7. Is Jager an essential part of the building process? Praytell, how do you use it?
  8. Which is a capability no aircraft in the world today save for the F-22 has: the F-35 can do raw data correlation between two aircraft currently, up to four or more in the coming months. It also has Link-16 for communications, which is the basic system used by all other aircraft. Nevertheless, the Radar, Electro Optical and IR systems are far beyond anything currently in service. I don't know what "maximum on-target damage" means, to you or anyone else. SDB is designed to have very low collateral damage and (in block II, just now coming into service) moving target hit to kill capabilities.
  9. Yeah, dropping guided weapons, the most advanced radar and sensor package currently installed on any fighter in the world: not worth mentioning at all.
  10. Looks really well done for an early test shot. Are their kits easy to find?
  11. So I think one of the cool things that has changed in the eight years since Area 88 created this thread is that many, if not most of these videos are now available on youtube. Last night I watched and really enjoyed Urban Square... which was awesome. It had the classic hard boiled detective.... AWESOME. I see its like 50/50 on which OAVs are on the tube, but its still far more than before. Maybe we should post them here?
  12. Sweet! I'm probably going to go in October for some family/work stuff, so I'm going to try to catch this (and that book looks fantastic).
  13. I don't know exactly what you looking for, but I've worked closely on this file. My area of expertise is comparative procurement policy, but I also studied military strategy for a masters and worked in the field, so I try to understand the nexus between technology, policy and strategy. I don't have a lot of time (because I'm working on some stuff F-35 related as we speak) but I'll try to answer any question you have. No, I don't think that's fair... if we look at historical antecedents, they are far far worse... we just don't really have the context to see that, which is in part due to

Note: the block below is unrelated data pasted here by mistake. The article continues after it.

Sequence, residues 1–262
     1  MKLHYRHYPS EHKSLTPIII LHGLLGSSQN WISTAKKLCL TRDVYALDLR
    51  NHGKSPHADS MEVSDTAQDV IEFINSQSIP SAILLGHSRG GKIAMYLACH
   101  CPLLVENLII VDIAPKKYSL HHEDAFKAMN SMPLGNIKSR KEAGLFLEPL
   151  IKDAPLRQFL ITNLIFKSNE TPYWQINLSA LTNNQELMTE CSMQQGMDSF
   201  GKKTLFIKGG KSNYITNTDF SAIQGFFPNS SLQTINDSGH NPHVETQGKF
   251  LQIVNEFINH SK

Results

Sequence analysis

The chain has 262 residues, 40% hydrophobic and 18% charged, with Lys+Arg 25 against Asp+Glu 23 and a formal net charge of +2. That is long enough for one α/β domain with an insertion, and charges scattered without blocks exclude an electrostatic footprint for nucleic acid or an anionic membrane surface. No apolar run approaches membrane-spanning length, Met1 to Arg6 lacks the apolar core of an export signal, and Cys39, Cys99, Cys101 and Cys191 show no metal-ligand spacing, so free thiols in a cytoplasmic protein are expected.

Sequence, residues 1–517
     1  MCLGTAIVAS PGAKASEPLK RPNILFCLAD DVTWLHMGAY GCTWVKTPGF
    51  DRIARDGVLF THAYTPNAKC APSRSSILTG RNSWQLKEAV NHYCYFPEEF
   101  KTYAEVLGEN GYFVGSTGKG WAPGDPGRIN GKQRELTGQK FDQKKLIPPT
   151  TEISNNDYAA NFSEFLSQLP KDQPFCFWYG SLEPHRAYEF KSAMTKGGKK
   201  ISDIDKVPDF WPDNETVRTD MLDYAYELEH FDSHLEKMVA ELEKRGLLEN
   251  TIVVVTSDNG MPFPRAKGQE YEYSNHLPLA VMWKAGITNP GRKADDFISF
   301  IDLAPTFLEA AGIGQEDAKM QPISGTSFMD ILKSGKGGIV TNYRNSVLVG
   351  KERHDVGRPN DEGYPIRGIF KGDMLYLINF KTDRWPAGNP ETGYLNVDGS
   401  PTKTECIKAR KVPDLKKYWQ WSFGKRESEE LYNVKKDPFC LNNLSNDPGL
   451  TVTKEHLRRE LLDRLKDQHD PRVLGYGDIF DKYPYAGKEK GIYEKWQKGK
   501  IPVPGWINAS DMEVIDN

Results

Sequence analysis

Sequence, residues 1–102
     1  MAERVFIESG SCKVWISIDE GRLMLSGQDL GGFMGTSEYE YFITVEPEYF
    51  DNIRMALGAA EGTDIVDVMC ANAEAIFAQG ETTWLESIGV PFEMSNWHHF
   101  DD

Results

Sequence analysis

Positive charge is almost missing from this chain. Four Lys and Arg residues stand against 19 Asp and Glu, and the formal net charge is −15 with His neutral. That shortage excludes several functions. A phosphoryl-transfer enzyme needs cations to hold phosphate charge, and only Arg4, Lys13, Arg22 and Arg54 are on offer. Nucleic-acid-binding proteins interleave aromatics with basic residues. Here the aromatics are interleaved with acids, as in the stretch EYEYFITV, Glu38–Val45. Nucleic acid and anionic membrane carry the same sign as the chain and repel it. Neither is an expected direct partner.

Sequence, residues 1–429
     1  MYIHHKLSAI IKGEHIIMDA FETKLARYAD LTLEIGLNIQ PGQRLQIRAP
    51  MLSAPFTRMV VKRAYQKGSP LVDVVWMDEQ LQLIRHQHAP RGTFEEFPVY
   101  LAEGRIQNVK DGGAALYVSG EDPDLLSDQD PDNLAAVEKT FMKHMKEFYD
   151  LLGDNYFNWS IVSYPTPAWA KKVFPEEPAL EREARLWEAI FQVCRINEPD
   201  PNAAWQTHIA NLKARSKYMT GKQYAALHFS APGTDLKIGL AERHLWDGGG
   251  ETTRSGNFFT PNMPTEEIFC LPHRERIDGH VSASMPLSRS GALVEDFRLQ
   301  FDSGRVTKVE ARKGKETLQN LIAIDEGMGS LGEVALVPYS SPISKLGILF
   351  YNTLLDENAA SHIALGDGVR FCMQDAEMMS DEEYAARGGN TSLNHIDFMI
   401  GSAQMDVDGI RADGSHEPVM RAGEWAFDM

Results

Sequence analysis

14. I don't know why you think that, but its completely not true. No aircraft, save for the F-22, has the sensor fusion system on the F-35, none of them have DAS, or the APG-81's sensor and jamming capabilities. None of them have data sharing capability of the F-35. That package is unique, and is really what 40% of the F-35's cost relates to. In short, claiming that every, or even some, avionics features on the F-35 has found its way onto other aircraft is just plain ignorant. But hey, don't take my opinion on it... lets listen to a USMC commander with thousands of hours on the F/A-18, F-16, F-2
  15. He wrote that article before seeing the document itself, so its a bit dated but it provides a lot of good context. The critical aspect of the study is that it refers to high AoA testing: it wasn't a "dogfight test" as people have claimed. The F-35's strongest asset is its instantaneous turn rate: it is as good as the F/A-18's which is that aircraft's strongest asset. Nose pointing is perhaps one of the most valuable traits an aircraft can have: it allows for quicker repositioning and setting up direct missile launches. Its sustained turn fairly good, but it cannot match the F-16's ability, w